Earlier this year Sandi Toksvig stepped down from her role on Radio 4’s The News Quiz to launch a career in politics as part of the newly-formed Women’s Equality Party. Speaking about her decision to leave the BBC for politics, the presenter-turned-politician said that she had had enough of making jokes about politicians and instead wanted to participate in politics, with the aim to field party candidates in the 2020 election: ‘I have made jokes over and over again about politics and, do you know, this election I’ve had enough, and I have decided that instead of making jokes about it, I need to participate. So I am involved in the

Michael Gove defends his grammar rules

Lord Chancellor Michael Gove was criticised over the weekend for issuing a set of grammar rules for civil servants. The list, which appeared on the Ministry of Justice intranet, warned staff to refrain from beginning sentences with ‘however’ and using the words ‘ensure’ and ‘unnecessary’. It also encouraged civil servants to avoid excessive use of hyphens. Not everyone was enamoured by his guidelines; the Guardian likened him to a Harry Enfield character, while Oliver Kamm claimed in the Times this morning that his grammar rules were simply nonsense. Appearing on today’s World at One, Gove attempted to downplay his guidelines: ‘When I was at the Department for Education, I sent a note round with

Revealed: Stephen Fry’s brush with the law over James Rhodes injunction

Last week James Rhodes won a legal battle to publish his memoir Instrumental: A Memoir of Madness, Medication and Music. This judgement came after his ex-wife took out an injunction through a court appeal to prevent the book from being published over concerns that the pianist’s account of the sexual abuse he experienced as a child could harm their son. With the ban lifted, Rhodes appeared at Hay Festival on Saturday night to launch the book during a talk with his friend Stephen Fry. The pair are such good friends, that as well as Fry helping to conduct Rhodes’ second wedding, he revealed that he also became named in his friend’s legal battle. The incident occurred after Fry tweeted a link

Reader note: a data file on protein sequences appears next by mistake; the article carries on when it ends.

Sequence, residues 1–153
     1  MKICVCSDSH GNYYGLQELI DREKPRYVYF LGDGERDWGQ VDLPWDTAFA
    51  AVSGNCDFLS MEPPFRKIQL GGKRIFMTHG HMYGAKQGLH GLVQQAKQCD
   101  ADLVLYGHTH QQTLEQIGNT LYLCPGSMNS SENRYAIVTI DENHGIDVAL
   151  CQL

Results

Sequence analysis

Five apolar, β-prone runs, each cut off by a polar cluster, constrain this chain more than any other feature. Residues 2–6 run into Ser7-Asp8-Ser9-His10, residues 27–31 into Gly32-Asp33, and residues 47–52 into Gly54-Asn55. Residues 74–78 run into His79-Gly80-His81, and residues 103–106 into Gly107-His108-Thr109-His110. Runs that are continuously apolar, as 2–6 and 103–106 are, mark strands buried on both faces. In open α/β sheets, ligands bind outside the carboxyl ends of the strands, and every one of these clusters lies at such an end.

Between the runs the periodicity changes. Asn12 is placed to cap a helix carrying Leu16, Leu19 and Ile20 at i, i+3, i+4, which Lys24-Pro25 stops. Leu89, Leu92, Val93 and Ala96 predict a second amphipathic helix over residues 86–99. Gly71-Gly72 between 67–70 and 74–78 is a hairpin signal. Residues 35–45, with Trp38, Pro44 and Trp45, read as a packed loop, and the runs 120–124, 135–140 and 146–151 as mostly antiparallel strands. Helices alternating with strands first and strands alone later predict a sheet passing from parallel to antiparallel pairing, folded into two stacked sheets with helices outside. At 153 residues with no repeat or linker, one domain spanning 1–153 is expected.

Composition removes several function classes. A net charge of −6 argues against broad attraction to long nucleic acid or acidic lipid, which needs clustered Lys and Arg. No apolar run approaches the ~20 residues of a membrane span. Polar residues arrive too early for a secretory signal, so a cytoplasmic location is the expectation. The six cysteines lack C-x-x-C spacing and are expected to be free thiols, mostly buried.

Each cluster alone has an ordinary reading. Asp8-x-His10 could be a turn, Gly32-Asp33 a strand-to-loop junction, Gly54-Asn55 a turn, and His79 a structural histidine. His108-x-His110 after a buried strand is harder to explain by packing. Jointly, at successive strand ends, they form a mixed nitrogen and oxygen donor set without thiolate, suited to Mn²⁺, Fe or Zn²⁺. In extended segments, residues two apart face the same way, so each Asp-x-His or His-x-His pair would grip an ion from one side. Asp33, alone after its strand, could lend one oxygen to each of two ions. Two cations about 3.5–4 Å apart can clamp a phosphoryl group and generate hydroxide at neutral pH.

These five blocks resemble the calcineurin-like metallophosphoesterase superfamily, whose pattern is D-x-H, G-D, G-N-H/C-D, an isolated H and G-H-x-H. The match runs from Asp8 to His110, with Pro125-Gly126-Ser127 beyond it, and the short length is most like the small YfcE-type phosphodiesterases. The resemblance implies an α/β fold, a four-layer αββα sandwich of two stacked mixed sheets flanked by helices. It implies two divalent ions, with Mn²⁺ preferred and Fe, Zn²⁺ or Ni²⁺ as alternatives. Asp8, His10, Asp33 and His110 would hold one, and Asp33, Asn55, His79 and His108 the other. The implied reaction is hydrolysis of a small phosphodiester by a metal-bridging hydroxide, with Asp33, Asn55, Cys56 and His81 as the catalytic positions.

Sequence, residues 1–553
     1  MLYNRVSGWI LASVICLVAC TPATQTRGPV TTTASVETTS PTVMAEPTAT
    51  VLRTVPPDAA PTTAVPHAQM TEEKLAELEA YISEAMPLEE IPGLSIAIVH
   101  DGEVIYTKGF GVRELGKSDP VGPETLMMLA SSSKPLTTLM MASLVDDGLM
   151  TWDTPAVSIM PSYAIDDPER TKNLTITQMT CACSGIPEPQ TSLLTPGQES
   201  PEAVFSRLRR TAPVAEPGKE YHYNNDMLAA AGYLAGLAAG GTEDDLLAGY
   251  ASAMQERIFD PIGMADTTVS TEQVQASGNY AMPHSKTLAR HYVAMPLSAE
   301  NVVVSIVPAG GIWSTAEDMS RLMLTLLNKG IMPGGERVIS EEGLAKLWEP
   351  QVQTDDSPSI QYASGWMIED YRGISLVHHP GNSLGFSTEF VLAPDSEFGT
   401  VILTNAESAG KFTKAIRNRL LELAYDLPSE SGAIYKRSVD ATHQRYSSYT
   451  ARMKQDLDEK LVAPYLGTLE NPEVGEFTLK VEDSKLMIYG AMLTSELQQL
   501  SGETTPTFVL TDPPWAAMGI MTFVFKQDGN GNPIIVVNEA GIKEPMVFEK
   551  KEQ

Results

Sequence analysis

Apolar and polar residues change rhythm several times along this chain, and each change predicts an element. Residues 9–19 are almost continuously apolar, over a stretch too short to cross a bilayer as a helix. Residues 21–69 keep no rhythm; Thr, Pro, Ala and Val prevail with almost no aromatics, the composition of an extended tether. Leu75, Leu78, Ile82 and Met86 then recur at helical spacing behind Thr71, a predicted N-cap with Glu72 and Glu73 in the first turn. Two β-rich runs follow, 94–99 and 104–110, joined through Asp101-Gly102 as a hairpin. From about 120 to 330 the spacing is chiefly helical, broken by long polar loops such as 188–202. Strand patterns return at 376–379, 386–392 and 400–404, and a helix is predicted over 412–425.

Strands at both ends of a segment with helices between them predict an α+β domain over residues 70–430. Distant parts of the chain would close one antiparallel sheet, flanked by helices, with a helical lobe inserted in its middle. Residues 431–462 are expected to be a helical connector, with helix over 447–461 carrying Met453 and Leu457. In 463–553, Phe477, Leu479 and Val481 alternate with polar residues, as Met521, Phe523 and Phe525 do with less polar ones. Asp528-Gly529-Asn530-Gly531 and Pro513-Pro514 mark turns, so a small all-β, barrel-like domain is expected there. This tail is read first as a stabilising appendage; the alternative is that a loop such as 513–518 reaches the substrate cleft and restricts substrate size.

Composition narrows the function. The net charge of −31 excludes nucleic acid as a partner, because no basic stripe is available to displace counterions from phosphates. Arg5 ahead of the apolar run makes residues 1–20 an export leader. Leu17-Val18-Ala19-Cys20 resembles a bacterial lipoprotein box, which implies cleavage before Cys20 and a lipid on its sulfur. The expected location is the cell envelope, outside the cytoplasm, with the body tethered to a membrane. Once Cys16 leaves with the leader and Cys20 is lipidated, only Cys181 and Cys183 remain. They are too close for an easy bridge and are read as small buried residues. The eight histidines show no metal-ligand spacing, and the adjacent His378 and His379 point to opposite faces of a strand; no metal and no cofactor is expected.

Meet the Cry-Bully: a hideous hybrid of victim and victor

In the 1970s, there was a big difference between bullies and cry-babies. Your mum would have preferred you to hang around with the latter, but sometimes the former had a twisted charisma so strong that you found yourself joining in the taunts of ‘Onion Head! ’ at some poor unfortunate creature sporting a cranium of a somewhat allium caste. After a bit, of course, if you had anything about you, you realized what a knob you were being and went off to sample the more solitary, civilized pleasures of shoplifting and reading Oscar Wilde with the bedroom curtains closed. But you could be certain, as you festered in your pilfered

Once upon a time I was very proud to be Greek. But no more

Gstaad A naked, very good-looking young man skied down the mountain evoking shrieks of laughter and admiration from the hundred or so skiers lining the slopes. He turned out to be J.T., my son, and it was an act of protest against the mind-numbing conversation about titles among some at the Eagle club. A friend had skied ahead and was waiting for him at the bottom with a blanket. Needless to say, it became the subject du jour, and someone even filmed young women cheering the streaking skier as he shussed his way down at record speed. His naked run to glory succeeded in getting the subject changed up at